What Natural Diamond Supply Could Look Like in 2030
The natural diamond supply is expected to continue decreasing through the end of the decade due to legacy mines reaching depletion and closures. However, there are still several world-class mines that will contribute significantly to global supply. This article will explore what the natural diamond supply might look like in 2030 based on the analysis of diamond industry expert Paul Zimnisky.
Natural diamond supply is expected to remain within an annual range of 115 and 125 million carats through the end of the decade according to Paul Zimnisky estimates. Notably, using the mid-point, this is down over 20% from as recently as 2017.
A slew of legacy mines reaching depletion, punctuated by the closure of the Argyle mine in late-2020, has led to a trend of sliding diamond output over the last five years.
In the next 5 years, mines including Koffiefontein, Diavik, Almazy-Anabara and Zarnitsa are forecast to either close or cease conventional mining* continuing a trend of flat-to-down supply growth through the end of the 2020’s.
Looking to next decade, diamond supply will likely remain limited yet continue to be supported by a core cohort of world-class mines.
For example, global production in 2030 is forecasted at approximately 115 million carats per annum according to Paul Zimnisky estimates –the lower bound of forecasted production for most of the 2020’s.
Notably, Jwaneng, the crown jewel of Botswana, will likely continue to be the industry’s key asset. Following the decision to move forward with a “cut-9” expansion in 2019, Jwaneng will remain in production until at least mid-next-decade.
In addition, a “cut-3” expansion at Orapa, also in Botswana, will extend that mine’s production well into the 2030’s.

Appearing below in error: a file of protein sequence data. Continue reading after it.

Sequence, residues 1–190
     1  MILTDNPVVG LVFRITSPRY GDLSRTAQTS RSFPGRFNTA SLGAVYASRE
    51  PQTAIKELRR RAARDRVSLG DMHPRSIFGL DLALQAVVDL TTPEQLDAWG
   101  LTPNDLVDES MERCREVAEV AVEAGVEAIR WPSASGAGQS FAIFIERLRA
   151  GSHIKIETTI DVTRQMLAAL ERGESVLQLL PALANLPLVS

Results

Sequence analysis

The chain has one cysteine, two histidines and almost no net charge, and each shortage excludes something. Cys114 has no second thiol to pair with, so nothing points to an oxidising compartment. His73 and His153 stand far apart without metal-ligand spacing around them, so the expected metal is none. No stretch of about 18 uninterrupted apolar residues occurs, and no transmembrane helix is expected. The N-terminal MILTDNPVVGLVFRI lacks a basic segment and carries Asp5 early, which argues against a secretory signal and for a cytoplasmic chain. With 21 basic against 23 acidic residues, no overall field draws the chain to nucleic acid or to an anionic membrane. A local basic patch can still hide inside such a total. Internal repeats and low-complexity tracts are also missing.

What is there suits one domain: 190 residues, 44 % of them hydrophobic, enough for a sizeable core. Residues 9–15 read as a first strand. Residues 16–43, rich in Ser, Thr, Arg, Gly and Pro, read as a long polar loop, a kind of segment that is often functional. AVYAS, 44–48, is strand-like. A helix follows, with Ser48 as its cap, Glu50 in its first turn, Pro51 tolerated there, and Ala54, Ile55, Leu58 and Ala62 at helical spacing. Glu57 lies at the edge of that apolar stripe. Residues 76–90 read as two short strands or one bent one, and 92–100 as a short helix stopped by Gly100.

Both expansions are multi-year construction projects and multi-billion-dollar expenditures for Debswana, the De Beers/Government of Botswana partnership. For context, combined, Jwaneng and Orapa are forecast to contribute to ~20% of global natural diamond supply by volume and as much as 25% by value in 2030.
De Beers’ Venetia mine in South Africa is also expected to be a key contributor to supply next decade following its (currently ongoing) conversion to an underground mine. The expansion project is forecasted to take Venetia’s mine life through at least the mid-2040’s.
Marine operations in Namibia and the Gahcho Kué mine in Canada round out a portfolio of De Beers operated mines that will continue to significantly contribute to global supply into the 2030’s.
Russia’s ALROSA is also expected to continue producing a leading portion of global supply into next decade led by output at its Jubilee, Udachny, International, Botuobinskaya, Aikhal, Verkhne-Munskoe, Arkangelskaya and Karpinskogo mines.
A decade from now, the industry is also likely to see production from the Cullinan and Finsch mines in South Africa, both of which are currently operated by mid-tier producer Petra Diamonds. Notably, Cullinan, which was previously called the Premier Mine, has been in production since 1902, yet it still contains resources that could keep operations running through the 2040’s if the economics allow.
While few, new and pending sources of production, including the Mayskaya mine in Russia and the Chidliak and Star-Orion South projects in Canada, could provide further sources of potential longer-term diamond supply.
While the trajectory of global natural diamond supply has been sloping in recent years, a core source of globally diversified production should provide a basis of supply well into the medium term.